Published September 4, 2011 - 5:42pm
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Gone in sixty minutes were any doubts about LSU in 2011. You know that scene in Tombstone where Wyatt Earp points at a dead cowboy and tells the Clantons that he’s coming and Hells coming with him? That scene is essentially what the LSU / Oregon game was. Les Miles was Wyatt Earp, the Ducks were the dead cowboy, LSU’s other opponents are the Clantons, and Hell is being played by the LSU defense. Seriously…with this win, Les Miles just announced that is going to dictate his terms this whole season, and he will because he is armed with a brutal ground game, solid special teams and a defense that is going to be unrelenting and opportunistic.
Watching LSU defeat Oregon was like watching an Anaconda snuff the life out of its prey. It was slow, deliberate and painful. Aside for a last gasp to end the game, the Ducks were choked out in the 3rd quarter. By that time, the LSU defensive line was blowing into the Oregon backfield on every play while Spencer Ware and Michael Ford were chewing up yards on every carry. The size, speed and depth of LSU were too much for Oregon to overcome. This was also evident by the number of time Oregon went after the legs of LSU’s defensive players.
Gone in sixty minutes was the perception that LSU and Les Miles could be in trouble without the duo of Russell Shepard and Jordan Jefferson. The distractions only seemed to galvanize the LSU team. Les Miles’ wrecking crew brought Oregon to the woodshed and proved that it belonged in the BCS title hunt. Les Miles galvanized his team and proved that he is worth every cent being paid to him by LSU. The coach simply has no peers when given time to prepare his teams for a big game.
Gone in sixty minutes was the ghost of Jarrett Lee’s past. Although the performance (10-22, 1 TD) wasn’t awe inducing, it was all that the Tigers needed. Lee managed the game and protected the ball. He threw a great pass to Randle for a TD and moved the chains though the air as well. Lee’s stats would have been better if it weren’t for a handful of drops and penalties that brought back long passing plays. It is reasonable to believe that with more reps with the first team, Lee and the LSU passing attack should continue to improve.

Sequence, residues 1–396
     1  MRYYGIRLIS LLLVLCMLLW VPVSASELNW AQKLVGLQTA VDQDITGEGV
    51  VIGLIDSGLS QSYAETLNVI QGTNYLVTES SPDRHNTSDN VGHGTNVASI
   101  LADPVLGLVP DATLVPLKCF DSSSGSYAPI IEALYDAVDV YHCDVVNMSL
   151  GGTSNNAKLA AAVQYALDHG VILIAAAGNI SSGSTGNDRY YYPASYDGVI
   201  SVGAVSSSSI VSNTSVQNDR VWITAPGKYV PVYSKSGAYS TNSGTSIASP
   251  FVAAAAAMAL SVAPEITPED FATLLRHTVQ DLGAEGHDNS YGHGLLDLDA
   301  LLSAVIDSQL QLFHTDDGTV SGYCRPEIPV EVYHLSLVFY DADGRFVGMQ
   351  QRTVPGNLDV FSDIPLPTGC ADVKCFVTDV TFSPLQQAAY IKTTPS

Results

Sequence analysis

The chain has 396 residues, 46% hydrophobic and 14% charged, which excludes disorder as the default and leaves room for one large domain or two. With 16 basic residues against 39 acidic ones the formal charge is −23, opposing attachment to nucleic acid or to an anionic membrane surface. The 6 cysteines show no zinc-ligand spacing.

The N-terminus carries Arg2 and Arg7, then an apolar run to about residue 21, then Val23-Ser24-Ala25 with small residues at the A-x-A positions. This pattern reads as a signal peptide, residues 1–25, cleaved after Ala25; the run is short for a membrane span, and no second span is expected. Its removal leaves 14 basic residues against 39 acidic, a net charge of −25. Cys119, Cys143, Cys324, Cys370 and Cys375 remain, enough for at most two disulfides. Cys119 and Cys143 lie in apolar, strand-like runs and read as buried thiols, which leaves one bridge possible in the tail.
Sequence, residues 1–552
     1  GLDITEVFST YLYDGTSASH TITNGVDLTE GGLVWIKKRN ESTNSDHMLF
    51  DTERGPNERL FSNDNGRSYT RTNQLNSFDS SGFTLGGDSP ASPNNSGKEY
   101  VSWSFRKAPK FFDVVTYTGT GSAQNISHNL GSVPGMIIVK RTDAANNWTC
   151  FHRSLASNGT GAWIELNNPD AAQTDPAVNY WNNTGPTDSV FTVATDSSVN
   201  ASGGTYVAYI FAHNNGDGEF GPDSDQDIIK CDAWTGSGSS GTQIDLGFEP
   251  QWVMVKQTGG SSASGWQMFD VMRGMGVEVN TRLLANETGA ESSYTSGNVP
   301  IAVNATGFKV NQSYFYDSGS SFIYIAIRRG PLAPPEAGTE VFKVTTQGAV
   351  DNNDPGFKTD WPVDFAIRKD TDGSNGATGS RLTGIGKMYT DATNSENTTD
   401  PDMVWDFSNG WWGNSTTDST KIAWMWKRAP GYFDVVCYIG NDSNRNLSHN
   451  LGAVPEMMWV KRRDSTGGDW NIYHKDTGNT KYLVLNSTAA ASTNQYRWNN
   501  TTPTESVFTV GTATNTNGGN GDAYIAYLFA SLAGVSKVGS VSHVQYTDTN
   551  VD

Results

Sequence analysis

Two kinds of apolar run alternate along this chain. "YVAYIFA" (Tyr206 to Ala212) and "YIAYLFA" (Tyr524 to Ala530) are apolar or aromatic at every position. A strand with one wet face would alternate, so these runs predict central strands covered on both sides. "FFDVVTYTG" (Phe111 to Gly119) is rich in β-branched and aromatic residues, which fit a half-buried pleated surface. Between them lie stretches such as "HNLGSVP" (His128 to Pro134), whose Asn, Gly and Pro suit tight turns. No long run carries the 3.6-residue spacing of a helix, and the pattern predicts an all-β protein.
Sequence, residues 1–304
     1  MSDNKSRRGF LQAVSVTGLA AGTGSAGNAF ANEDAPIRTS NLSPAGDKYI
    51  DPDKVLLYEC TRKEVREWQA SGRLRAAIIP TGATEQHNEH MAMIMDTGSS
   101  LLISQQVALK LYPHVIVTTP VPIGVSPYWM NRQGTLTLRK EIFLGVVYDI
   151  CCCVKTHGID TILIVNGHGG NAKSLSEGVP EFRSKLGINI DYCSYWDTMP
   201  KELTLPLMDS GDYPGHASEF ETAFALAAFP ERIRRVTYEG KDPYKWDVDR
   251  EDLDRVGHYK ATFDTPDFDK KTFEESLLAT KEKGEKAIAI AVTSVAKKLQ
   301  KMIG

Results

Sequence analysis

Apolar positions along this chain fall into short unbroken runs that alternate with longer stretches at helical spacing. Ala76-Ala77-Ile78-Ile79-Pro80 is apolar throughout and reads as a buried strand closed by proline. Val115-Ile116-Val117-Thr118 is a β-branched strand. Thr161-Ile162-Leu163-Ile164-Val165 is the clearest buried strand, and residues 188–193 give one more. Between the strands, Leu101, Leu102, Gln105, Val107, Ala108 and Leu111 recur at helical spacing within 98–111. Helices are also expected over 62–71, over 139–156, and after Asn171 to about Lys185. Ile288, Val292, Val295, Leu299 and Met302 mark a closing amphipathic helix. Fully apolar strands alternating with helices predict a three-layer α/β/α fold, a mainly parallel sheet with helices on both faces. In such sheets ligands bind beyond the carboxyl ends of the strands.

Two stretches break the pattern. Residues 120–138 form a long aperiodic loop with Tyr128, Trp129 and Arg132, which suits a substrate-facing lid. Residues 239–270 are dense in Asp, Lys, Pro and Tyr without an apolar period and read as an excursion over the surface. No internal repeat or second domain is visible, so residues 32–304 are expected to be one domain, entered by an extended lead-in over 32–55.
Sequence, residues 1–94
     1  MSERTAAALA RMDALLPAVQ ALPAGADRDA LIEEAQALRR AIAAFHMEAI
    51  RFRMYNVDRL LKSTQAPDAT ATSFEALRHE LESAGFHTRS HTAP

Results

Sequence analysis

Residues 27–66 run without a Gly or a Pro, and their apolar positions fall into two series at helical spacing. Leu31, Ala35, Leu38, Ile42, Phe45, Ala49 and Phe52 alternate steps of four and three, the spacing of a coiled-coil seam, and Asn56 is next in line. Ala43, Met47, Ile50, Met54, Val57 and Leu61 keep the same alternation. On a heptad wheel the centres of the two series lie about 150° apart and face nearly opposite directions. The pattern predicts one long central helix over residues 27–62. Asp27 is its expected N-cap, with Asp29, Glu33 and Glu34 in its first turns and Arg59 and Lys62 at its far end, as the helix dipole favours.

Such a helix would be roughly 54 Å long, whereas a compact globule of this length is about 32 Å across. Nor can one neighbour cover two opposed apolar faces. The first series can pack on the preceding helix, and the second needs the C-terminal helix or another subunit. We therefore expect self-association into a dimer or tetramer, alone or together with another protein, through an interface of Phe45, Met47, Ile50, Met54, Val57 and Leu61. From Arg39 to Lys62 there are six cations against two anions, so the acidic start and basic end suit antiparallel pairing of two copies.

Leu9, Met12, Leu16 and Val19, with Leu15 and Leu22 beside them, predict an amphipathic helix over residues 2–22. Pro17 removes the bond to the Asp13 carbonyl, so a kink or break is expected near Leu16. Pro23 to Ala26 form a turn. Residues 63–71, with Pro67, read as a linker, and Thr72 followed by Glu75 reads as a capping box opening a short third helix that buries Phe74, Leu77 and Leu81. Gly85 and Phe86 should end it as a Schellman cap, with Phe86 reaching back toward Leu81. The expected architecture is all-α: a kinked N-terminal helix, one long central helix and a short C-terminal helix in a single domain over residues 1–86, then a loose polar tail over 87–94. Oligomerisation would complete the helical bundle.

Gone in sixty minutes was the loss of Patrick Peterson. LSU’s secondary showed why it is considered the best in the country, even after losing the top DB in college football. A big part of that was Tyrann Mathieu. Sporting Peterson’s No. 7, Mathieu became a one man wrecking crew. He made his presence felt on both defense and special teams. He had ten tackles and single handedly forced a fumble and returned it for a TD on punt coverage. Mathieu, along with Morris Claiborne, also contributed to 125 return yards.
Gone in sixty minutes was the idea that Oregon was a BCS contender. Chip Kelly and Oregon are now 0-4 against ranked non-conference BCS teams. The Ducks have had their wings clipped in all four games and were thoroughly dominated by LSU. The speed and talent accumulated in Oregon was no match for what is stockpiled in Baton Rouge. Case in point, LaMichael James being ran down from behind by the LSU defense – to drive that point home with a hammer, it was a defensive end that caught him (Mingo).